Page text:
Monday, 19 December 2022

Who gives away anything for free, these days?

 Happy Christmas! A free gift for you…

Have you ever had your suspicions raised when someone is giving out things for free?

Why are they doing that? What’s “the catch”? Is there a hidden motive, or an annoying group or newsletter to sign up to?

There’s a great Aussie saying that “there is no such thing as a free lunch” --- everything has a cost to someone, somewhere, sooner or later.

Christmas gifts are costly – time, effort, thought and risk. What if the person doesn’t like it?

It’s easier these days to return gifts, or - to openly declare on social media what you want or do not want, and of course, money or gift cards remove a lot of the risk of giving.

What is the cost of Christmas lunch or dinner? Not just the food, but the preparation and the buying of ingredients, the management of time, household members and the invitations to guests who may or may not come. And the risk of relationships.

Christmas is a time when all of us need to prepare our hearts and minds to give gifts. Not gifts purchased or made, but much bigger than that. Gifts of forgiveness, grace, mercy and love to the undeserving of our own families and lives. Gifts that cannot be seen, or counted, or understood except with the heart.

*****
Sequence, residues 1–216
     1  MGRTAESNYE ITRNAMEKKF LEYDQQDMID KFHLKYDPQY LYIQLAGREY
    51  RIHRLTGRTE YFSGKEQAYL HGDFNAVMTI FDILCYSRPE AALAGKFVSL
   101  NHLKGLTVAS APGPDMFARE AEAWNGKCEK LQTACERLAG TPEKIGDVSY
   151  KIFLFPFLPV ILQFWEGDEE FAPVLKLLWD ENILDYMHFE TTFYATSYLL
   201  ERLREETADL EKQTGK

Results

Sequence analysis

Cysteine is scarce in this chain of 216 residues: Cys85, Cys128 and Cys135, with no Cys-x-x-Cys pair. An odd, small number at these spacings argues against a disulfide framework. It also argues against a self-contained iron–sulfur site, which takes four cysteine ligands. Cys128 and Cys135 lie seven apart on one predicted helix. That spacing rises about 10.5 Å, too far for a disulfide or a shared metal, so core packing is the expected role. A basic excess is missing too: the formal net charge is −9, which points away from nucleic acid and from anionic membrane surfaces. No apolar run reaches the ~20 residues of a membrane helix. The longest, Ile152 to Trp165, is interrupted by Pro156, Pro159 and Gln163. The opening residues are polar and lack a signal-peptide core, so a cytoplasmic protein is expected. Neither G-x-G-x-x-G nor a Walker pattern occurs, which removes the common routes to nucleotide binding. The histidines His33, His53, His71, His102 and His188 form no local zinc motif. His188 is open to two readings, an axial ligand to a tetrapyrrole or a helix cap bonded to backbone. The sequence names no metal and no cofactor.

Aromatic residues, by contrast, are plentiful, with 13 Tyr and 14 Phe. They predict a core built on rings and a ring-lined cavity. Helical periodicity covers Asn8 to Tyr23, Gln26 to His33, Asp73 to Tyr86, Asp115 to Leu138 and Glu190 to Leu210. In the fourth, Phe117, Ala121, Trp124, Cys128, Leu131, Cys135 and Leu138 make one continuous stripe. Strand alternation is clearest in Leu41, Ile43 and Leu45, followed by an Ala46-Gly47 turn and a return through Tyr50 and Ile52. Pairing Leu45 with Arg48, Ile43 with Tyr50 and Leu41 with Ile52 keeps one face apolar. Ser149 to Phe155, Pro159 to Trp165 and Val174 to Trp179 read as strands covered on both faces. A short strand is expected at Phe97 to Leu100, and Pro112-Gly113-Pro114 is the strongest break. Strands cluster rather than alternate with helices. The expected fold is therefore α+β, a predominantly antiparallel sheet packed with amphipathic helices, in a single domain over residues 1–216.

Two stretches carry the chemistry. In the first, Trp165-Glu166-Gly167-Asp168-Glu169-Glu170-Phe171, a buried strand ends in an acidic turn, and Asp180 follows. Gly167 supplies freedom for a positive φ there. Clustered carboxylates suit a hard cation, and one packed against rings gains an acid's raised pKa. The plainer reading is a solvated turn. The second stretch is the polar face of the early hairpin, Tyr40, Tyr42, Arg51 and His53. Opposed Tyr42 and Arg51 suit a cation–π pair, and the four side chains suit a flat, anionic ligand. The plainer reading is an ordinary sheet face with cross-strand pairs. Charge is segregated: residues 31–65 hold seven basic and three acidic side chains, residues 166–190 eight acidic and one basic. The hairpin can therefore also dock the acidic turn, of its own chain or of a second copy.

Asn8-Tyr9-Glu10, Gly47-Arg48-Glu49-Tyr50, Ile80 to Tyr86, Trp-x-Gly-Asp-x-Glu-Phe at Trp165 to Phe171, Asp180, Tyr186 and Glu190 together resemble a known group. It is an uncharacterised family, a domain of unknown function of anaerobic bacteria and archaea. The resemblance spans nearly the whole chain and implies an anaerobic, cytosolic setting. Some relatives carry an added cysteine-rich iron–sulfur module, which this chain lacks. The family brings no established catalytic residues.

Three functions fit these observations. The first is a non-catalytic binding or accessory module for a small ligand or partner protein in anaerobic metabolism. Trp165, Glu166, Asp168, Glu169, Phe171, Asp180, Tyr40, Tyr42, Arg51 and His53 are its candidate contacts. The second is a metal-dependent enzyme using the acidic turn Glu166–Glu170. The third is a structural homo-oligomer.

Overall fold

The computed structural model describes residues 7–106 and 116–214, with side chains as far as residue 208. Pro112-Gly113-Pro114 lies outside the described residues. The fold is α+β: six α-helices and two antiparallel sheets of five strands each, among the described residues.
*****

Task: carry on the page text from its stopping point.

A free gift that you give to yourself is to let go of hurt and free your heart and mind from anger and bitterness.

A free gift that you give another is to let them be the imperfect human that they are, without trying to make them into what you had hoped they might be.

On that first Christmas, the gift of the baby Jesus was to show imperfect humanity that they could come just as they were – poor shepherds, unmarried mother, confused father, and searching wise men.

The gift of Christmas is freely given, and we remember that we too have cost others time, money, patience, care, worry and troubles over the years of our lives.

When we receive freely given gifts, our natural urge is to want to do something to ‘pay’, but what about just accepting the gift, and saying “thank you”? Open your heart to ‘undeserved’ and unexpected gifts – time, compliments, free fruit, hugs, or other joys.

The point of God sending Jesus is that no-one is ever good enough, no-one is worthy: it is just pure love, mercy, and grace for humanity. That is the gift of Christmas.

Friday, 15 April 2022

That's My Soul - a reflection, and a poem